Does Great Bay need more oyster farms or jet skis?
Our mission at Seacoast Eat Local is to help people to eat more locally grown food. A diverse landscape of farms in the Seacoast is a lofty goal and it needs steady encouragement. Here’s a case of a local oyster farm on Great Bay that needs your help.
Many land-owners say Not In My BackYard to farms, but if we all said that there would be nothing but suburban sprawl on the beautiful NH Seacoast. Oyster farming, like organic farming, has the added benefit of improving the environment. Please help us out by signing this petition now.
Still not convinced? Let’s hear more evidence from the local small farmer:
Written by Troy Payne of NESO,
Fun Fact: The Great Bay Estuary is one of only 29 major estuaries in the United States. Collectively, these 29 sites provide nursery habitat for about 75% of all seafood harvested in the US. So, like damn, lets keep those around.
Maybe you caught this [link above] NPR piece last month with Rachel Rouillard of the Piscataqua Region Estuary Partnership (PREP,) a joint program between local, state and federal agencies established under the Clean Water Act with the goal of protecting and enhancing nationally significant estuarine resources, like Great Bay. Rachel is PREPs Executive Director and was delivering a summary of their latest report on the health of our bay and the news isn’t good. In a nutshell, the ecosystem is in crisis, it is in decline, and it lacks the resilience to recover on its own.
It turns out that oyster populations, whose occurrence in natural beds in Great Bay numbered 25 million individuals as recently as 1993, have been decimated to the point where current populations are estimated to number fewer than 2 million. Want to guess what one of the leading indicators of estuary ecosystem resilience is. Sure, it’s oysters. That’s because oysters suck – literally. A single healthy adult oyster can filter as much as 50 gallons of water a day. The daily filtration of those 23 million missing oysters would approach 6 billion gallons, or roughly a tenth of the volume of the entire 60 billion gallon estuary at high tide. That kind of daily cleanup power would help to stabilize the delicate biochemical and symbiotic species dance that underpins the health of the whole estuary by absorbing spiking influxes of runoff contaminants from the more than 1000 square miles of estuary watershed. But they’re gone, so they don’t. And pretty much every other species that relies on that missing stabilization is suffering.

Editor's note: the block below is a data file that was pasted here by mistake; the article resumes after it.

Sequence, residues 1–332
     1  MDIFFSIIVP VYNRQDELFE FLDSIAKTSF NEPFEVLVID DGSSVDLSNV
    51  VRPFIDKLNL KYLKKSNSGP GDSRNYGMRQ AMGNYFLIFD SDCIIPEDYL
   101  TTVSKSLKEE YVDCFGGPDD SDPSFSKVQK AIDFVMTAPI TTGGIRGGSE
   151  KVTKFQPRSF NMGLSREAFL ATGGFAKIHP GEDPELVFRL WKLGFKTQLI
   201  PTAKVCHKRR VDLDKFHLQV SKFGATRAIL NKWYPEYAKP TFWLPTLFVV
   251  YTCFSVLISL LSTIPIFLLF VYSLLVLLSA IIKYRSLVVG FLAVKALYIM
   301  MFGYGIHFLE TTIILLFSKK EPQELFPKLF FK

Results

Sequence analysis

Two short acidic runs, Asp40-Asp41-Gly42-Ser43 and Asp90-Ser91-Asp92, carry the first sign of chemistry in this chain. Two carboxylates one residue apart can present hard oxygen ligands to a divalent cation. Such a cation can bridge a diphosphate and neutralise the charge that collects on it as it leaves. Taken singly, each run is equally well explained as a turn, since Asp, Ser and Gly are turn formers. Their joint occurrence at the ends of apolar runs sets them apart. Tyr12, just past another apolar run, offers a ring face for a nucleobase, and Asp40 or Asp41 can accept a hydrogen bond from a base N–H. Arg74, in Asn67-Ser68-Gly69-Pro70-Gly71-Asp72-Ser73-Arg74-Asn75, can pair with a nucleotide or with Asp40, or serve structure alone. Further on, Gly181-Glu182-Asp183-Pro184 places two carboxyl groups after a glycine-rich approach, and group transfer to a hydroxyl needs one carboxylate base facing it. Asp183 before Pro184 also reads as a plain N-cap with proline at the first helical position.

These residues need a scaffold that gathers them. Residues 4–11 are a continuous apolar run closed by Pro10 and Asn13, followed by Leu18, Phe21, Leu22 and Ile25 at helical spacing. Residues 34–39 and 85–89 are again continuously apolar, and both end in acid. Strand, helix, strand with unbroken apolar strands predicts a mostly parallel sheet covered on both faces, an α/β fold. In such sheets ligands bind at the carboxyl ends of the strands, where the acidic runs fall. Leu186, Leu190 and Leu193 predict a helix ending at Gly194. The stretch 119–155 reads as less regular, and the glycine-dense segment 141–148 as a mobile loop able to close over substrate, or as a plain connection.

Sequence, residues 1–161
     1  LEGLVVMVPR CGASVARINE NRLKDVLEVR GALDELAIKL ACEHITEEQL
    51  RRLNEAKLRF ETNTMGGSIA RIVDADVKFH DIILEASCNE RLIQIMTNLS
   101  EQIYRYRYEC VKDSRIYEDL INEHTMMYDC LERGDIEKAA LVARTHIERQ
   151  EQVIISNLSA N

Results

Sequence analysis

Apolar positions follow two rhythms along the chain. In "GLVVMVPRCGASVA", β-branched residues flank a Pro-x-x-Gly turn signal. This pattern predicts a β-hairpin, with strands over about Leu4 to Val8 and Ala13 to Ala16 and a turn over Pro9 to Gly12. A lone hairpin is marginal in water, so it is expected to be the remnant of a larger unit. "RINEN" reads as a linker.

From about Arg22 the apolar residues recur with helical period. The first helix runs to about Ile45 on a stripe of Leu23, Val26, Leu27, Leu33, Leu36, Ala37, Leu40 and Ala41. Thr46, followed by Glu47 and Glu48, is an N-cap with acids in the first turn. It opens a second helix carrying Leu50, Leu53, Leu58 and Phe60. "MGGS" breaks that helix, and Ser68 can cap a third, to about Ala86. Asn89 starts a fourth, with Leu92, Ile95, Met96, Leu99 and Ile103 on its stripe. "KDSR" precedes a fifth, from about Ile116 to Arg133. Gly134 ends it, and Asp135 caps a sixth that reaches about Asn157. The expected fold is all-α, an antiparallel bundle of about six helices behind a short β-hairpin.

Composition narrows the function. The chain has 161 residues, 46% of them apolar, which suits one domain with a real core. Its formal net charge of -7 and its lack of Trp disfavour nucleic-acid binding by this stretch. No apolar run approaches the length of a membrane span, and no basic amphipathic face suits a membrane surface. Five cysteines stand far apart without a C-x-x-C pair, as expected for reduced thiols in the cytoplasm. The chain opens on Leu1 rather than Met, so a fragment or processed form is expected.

Heroic oyster bed restoration efforts are underway in the bay and have been for years, but natural beds are susceptible to oyster parasites which can thrive more readily in a resilience challenged environment. On the other hand, oyster farming practices are much less impacted by these parasites since the adult oyster are regularly removed to market and replaced with new cultured spat. So it’s win-win. Oyster farms keep growing out and removing adult oysters, which keeps the filters operating in the bay, in a way that natural beds can’t.
So with all this information well understood by every scientist, academic, and environmental stakeholder in the Great Bay ecosystem, you have to wonder why oyster farmers are having difficulty getting permitting applications approved by the New Hampshire Fish and Game Department for open oyster sites in the estuary.
Meet New England Superior Oyster (NESO,) the little oyster farm with the big name. They’ve invested in an old pontoon boat platform on which to do their oystering work, and purchased enough materials to build out fifty or so oyster cages and bags, and they have more than enough passion for the environment, to work at a local and sustainable scale. The one thing the don’t have is a permit to put oysters in the bay near the south end of their fields on Royalls Cove at the mouth of the Bellamy River.
Though they have applied multiple times over nearly two years past, a small but vocal group group of condominium and homeowners across the water are opposed to the project. So much opposed in fact that they have started a petition to keep oyster farming entirely out of Royalls Cove (which contains about 10% of all available space open to oystering in the estuary.) Their concerns, as stated in their petition are, their property values, their recreational access to the entire cove, their views, and murkily, their quality of life.
In self-defense, NESO has started it’s own petition asking Fish and Game to share the use of the cove, and to prioritize projects with significant environmental benefit over those with little or none. We support this initiative based on it’s value to the entire estuary community rather than a small group trying to reserve a part of this rare and precious resource for their own use. Visit the petition website here (http://chn.ge/2myBBmj) to read more about the issue and sign the petition if you agree. If you choose to sign, you can then scroll to the bottom of the page and open the Reasons for Signing section and leave a comment about why you signed. The “why” is optional and need not be elaborate, but as we understand it, they are strongly weighted over “bare” signatures.